Friday, 13 May 2016

The Judicial Power Project - A Problematic Case

A case in which I was heavily involved, Rabone v Pennine [2012] UKSC 2 has appeared in a list of 50 "problematic" cases produced by the Judicial Power Project. It happens also to be No 17 in the list of 50 human rights cases that transformed Britain published by Rights Info. Of course it might be transformative and problematic but I would like to address a couple of issues that underlie its inclusion in the JPP list.

The Supreme Court

The list is designed to illustrate the perceived problem of judicial overreach. It is said of Rabone that

"The claimant’s daughter committed suicide whilst on home leave from hospital where she stayed as a voluntary patient. The Supreme Court found that the Trust had failed in its duty to protect life under Art 2 in allowing home leave where there was a real and immediate risk of suicide. In this way the Court went beyond Strasbourg jurisprudence and invoked Art 2 to create liability for failure to prevent suicide. The decision has been roundly criticized in medical journals and risks further juridifying health services."

Creating Liability for Suicide

In fact there were two claimants, Melanie Rabone's parents. The Trust admitted that the decision to allow Melanie home had been negligent. It was foreseeable that the negligent decision could result in her injury or death. The Supreme Court did not "create liability for failure to prevent suicide". That liability already existed. It existed in common law, after all the Trust had admitted liability at common law. It existed already for detained mental health patients (case of Savage) and for prisoners.

The problem for Mr and Mrs Rabone was that the common law did not recognise their position as parents of an adult child. The Human Rights Act was invoked to give such recognition and to do so in the case of the death of a voluntary psychiatric patient.

Duty to Detain

The extract above also refers to the judgment being criticised in medical journals. That is fair comment: there were two or three articles and letters from psychiatrists. In "Hindsight Bias and the Overestimation of Suicide Risk in Expert Testimony" by Large et al criticism was made not of the judgment but of the expert evidence, including that relied upon by the Trust as to the extent of the risk of suicide. Surprisingly the authors used evidence of the risk of in-patient suicide to question the assessment of risk on allowing Melanie home. The relevant risk was not that which she had been at as an in-patient on 15 minute observations, but that on her being out of hospital with no plan in place to monitor or protect her safety. Nor was she an "average" she was a particular patient. The authors clearly did not have access, as did the expert psychiatrists in the case, to all the evidence. In any event the test the Supreme Court applied was whether there was a "real" and "immediate" risk, not whether it was over a certain percentage. The whole piece was misguided.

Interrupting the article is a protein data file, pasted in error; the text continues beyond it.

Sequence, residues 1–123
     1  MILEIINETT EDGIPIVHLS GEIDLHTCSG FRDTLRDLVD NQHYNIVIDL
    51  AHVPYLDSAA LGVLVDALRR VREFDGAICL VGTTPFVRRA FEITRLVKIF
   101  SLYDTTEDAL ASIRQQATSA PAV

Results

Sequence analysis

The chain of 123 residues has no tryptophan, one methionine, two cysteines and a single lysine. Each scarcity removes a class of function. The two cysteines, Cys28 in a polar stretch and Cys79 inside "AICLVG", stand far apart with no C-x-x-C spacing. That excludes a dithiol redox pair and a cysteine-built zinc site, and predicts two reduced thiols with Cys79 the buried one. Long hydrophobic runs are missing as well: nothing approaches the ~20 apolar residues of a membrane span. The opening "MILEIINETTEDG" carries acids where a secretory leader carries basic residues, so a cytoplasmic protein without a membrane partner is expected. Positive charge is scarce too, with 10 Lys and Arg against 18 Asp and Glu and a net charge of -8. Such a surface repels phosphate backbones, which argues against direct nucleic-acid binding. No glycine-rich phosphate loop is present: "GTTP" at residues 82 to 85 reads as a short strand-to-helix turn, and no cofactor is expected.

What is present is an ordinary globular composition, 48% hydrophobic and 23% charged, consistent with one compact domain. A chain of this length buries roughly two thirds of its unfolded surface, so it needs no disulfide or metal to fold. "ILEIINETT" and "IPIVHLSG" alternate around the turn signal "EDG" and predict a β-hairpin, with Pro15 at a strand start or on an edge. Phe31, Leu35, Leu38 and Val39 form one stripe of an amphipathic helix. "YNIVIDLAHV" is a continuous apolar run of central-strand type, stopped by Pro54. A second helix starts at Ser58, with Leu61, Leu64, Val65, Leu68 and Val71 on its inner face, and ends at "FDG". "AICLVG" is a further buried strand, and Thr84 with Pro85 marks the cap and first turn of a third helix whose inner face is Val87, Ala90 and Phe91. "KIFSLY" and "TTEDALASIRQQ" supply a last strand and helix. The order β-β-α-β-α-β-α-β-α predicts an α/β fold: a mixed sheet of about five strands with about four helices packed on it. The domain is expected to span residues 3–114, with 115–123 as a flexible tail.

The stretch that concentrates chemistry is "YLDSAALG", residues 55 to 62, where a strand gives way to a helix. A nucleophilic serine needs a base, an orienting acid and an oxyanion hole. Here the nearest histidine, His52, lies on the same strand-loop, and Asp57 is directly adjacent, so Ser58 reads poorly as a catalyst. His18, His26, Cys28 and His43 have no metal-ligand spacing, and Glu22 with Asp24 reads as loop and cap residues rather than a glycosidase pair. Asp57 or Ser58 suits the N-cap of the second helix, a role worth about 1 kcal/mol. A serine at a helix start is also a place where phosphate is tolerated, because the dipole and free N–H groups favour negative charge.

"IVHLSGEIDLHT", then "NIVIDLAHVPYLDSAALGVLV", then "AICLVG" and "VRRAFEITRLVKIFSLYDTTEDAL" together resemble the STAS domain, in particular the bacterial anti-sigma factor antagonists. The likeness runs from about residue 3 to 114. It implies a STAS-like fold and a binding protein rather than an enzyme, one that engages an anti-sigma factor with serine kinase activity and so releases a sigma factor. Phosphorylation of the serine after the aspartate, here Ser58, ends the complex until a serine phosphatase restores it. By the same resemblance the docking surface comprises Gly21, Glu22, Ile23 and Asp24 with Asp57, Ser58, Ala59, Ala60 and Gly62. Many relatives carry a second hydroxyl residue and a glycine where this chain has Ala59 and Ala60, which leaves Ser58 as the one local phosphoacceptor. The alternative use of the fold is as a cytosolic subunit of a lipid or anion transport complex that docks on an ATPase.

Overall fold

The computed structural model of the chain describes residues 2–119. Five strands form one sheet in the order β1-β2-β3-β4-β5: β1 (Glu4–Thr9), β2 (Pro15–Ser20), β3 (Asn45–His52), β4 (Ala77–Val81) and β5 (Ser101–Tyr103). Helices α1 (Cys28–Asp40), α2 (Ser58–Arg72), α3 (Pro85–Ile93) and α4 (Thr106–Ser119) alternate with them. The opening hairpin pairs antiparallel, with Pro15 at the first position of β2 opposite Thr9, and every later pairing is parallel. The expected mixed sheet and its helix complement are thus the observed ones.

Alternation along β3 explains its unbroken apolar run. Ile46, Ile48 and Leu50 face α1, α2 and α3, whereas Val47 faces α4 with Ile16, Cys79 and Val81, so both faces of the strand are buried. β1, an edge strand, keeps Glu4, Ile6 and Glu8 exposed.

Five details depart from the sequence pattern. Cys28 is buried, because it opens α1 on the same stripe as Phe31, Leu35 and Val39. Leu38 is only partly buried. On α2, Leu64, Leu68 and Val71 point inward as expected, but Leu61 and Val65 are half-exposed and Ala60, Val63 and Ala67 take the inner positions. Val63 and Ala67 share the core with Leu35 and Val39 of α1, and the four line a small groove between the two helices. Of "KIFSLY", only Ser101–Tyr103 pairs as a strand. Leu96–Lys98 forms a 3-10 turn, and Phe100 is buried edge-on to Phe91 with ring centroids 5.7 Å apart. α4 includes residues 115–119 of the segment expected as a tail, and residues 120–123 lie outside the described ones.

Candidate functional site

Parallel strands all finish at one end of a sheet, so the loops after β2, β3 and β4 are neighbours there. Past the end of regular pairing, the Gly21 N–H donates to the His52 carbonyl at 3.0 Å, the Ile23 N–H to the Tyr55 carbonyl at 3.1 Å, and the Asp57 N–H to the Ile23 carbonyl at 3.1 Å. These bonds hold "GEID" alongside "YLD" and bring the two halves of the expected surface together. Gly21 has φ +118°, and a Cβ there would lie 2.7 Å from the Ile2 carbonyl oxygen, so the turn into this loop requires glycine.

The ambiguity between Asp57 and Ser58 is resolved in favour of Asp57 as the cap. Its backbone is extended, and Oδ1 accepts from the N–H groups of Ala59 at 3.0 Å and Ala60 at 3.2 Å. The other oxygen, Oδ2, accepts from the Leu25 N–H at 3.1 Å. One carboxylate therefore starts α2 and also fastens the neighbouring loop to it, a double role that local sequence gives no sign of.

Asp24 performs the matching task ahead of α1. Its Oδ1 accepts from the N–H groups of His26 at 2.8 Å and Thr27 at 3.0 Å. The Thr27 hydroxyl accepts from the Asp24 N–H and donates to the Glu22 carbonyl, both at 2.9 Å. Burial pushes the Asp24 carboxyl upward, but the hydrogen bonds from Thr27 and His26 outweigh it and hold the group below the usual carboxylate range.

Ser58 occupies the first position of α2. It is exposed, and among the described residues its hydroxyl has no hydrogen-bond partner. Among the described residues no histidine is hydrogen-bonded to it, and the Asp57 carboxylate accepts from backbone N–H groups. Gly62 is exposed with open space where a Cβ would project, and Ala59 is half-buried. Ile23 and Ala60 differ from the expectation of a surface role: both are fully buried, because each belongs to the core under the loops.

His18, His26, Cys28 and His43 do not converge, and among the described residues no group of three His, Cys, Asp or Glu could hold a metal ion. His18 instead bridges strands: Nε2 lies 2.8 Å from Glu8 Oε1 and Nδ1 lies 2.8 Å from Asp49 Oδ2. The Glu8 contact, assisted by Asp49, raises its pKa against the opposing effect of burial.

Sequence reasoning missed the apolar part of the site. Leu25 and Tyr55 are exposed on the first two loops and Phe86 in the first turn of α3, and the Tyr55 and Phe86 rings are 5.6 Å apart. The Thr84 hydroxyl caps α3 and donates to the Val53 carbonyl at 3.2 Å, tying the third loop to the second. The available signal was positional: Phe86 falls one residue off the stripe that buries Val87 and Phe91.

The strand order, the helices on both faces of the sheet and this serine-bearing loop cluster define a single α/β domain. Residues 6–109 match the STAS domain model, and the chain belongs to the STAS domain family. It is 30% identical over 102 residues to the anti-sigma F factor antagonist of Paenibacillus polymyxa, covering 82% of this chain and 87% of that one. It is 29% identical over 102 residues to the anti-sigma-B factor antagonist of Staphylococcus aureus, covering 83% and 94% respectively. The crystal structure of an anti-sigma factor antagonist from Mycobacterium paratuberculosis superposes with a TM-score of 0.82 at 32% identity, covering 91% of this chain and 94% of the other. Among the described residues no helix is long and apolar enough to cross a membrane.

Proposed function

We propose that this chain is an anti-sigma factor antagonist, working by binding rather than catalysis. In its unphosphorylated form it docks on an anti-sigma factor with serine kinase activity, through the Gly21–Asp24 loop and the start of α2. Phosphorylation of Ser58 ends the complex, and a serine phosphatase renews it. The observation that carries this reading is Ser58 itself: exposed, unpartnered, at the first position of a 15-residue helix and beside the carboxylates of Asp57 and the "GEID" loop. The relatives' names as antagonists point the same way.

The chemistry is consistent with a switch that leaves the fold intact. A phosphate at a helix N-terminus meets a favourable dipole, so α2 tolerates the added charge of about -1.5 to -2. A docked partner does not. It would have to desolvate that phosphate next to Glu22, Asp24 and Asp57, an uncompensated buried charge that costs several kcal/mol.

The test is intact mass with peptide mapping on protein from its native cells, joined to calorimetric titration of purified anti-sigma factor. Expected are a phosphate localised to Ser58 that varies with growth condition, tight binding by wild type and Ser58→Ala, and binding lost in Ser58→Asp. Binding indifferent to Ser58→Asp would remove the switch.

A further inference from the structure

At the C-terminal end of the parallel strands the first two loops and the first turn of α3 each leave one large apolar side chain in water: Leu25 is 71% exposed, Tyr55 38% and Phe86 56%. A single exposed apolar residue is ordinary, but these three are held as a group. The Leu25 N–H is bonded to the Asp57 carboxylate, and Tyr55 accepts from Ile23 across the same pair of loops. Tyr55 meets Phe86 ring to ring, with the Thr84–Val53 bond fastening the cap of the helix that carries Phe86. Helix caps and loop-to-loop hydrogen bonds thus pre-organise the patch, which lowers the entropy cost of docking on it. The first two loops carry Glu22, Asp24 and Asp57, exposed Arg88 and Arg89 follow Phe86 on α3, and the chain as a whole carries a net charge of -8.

A subsequent paper, "From Rabone to Reality" by Salter begins, "Large et al draw valuable attention to the flawed information on which the Supreme Court based its decision". So, the new accepted wisdom was that the information was flawed. The author went on to misunderstand the judgment when he wrote, "The present judgment will, in all likelihood, lead to an increase in the detention of individuals with depression against their wishes". In fact there had been a clear finding that Melanie would have complied with any decision that she should remain an in-patient. There was not finding that she ought to have been detained against her wishes. So far as I am aware this prediction has not proved to be correct in any event. I am unaware of any evidence that there has been increased use of detention since Rabone, a decision made over 4 years ago.

The author also referred to the "unfortunate doctor" who let Melanie go home, forgetting that his own employer had accepted that no reasonable psychiatrist would have made that decision and that its consequences were fatal. The author may not have read the original trial judgment.


And so these ill-informed comments become part of an established narrative that leads to the judgment being regarded as a problematic example of judicial interference.  What's more in Reynolds v UK the ECtHR supported the decision of the Supreme Court in Rabone. Hence, even if Rabone had never happened, the Human Rights law would have been changed following Reynolds.

I think I know what "juridifying" means, but I don't believe that Rabone lead to juridification of the healthcare sphere. It has, fair to say, encouraged more scrutiny of suicides by psychiatric patients in Coroners' Inquests. Quite right - the only witness the Trust put before the Coroner in Melanie's Inquest was the negligent psychiatrist. Mr and Mrs Rabone were not represented and the Inquest was over in no time. The judgment has afforded redress to bereaved relatives who were not previously recognised as deserving a remedy at common law. There is no evidence I have seen that it has had negative effects in terms of overuse of detention.

Problematic? I don't believe so.

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